Temple 49, Jōdo-ji
Temple 49, Jōdo-ji
Jōdo-ji, The Temple of the Pure Land, is No. 49 on the Shikoku Pilgrimage, or Henro. It’s located on a hill that faces to the south offering a view of Mt. Ishizuchi. The main building is built in the Chinese style of architecture, with a rustic and weathered air.
The graveyard in the bamboo grove behind the temple has some interesting statuary, and the observation platform on top of the hill offers a panoramic view of the southern part of Matsuyama to the Seto Inland Sea, and there’s a fine view of Mt. Ishizuchi.
The temple, originally of the Hoso sect, was founded by Gyoki who carved a Buddha statue. At that time, it was a place for worship for Emperor Koken. Later, Kukai restored the temple and converted it to the Shingon sect. Thereafter, it prospered and controlled some 66 subsidiary temples.
Jōdo-ji is associated with an intinerant monk, Kuya Shōnin who lived from 903 to 972 in the Heian period. He practised austerities in Awa and Tosa provinces in Shikoku and stayed at Jōdo-ji from 957 to 961 performing good works. There’s a statue of him in the Main Hall. Thin and with a bent back, he holds a staff topped with a deer antler in one hand and in the other, a hammer for the gong hanging on his chest. Attached by a wire from his open mouth are six little Buddha figures, representing his constant chanting of the phrase “Namu Amida Buddha”. Kuya spent his life repairing roads, building bridges, digging wells, and cremating the dead abandoned by roadsides in the turbulent times.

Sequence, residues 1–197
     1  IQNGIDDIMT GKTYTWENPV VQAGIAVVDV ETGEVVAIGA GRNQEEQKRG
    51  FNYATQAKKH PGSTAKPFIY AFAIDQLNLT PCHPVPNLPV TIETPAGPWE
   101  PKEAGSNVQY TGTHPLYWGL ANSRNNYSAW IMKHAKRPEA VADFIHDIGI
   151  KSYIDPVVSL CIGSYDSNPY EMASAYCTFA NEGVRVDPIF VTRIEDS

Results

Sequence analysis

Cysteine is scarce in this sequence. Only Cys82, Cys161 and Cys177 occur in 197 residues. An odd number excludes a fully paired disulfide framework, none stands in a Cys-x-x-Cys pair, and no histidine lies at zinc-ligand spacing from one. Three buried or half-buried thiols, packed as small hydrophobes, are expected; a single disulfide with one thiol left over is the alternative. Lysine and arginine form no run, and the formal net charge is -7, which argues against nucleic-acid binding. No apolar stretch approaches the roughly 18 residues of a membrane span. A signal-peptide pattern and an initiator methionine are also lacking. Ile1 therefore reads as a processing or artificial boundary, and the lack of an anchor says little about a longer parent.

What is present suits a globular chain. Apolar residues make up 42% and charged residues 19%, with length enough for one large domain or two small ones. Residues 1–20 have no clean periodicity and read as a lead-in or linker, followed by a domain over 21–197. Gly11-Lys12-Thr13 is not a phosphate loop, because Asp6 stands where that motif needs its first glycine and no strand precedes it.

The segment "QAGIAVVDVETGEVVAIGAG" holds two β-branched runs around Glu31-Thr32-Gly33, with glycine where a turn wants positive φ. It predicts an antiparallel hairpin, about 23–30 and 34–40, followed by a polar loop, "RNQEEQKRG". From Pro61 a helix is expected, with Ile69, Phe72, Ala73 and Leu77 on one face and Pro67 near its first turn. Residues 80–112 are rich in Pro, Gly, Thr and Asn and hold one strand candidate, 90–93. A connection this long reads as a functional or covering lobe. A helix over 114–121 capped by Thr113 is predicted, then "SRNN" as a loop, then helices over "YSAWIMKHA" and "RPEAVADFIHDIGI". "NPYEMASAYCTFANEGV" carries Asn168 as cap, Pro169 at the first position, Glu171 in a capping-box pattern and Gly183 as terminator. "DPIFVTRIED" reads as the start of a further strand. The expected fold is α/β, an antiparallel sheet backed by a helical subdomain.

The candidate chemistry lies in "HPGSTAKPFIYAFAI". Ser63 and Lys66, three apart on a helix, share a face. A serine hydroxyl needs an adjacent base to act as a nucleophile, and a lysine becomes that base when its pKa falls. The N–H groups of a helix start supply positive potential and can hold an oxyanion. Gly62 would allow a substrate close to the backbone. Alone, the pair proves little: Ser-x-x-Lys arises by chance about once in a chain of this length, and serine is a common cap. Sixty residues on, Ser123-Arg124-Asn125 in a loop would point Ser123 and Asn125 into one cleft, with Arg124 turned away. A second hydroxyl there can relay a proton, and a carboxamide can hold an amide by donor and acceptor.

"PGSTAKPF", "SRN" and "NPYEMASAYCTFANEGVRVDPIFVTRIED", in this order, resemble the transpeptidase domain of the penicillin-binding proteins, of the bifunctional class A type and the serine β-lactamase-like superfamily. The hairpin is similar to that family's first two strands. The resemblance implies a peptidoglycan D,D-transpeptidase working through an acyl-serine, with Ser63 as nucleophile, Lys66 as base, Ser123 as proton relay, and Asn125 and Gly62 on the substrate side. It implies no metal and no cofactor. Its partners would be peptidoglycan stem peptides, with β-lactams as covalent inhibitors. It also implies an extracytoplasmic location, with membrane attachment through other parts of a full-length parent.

A haiku by Matsuyama poet Masaoka Shiki is posted at the entrance to the temple.
Kuya of Shimotuski
can survive on bones
This poem suggests that even though Kuya is long gone, his teachings remain.
In 1192 in the Kamakura period, Yoritomo Minamoto prayed for the prosperity of his clan and restored the temple. However, it burned down in 1416, and the Main Hall and the inner sanctum were rebuilt by the local lord, Kono Michinobu around 1469. The buildings combine Japanese and Tang Chinese features. They were repaired extensively in 1965 and are designated an important national cultural property.
The symbol of two rings interlinked on the curtain is the crest of the Wakisaka clan, who were awarded land in this area for their services at the Battle of Sekigahara in 1600.
Name in Japanese: 浄土寺
Address: 1198 Takanokomachi, Matsuyama-shi, Ehime-ken 790-0925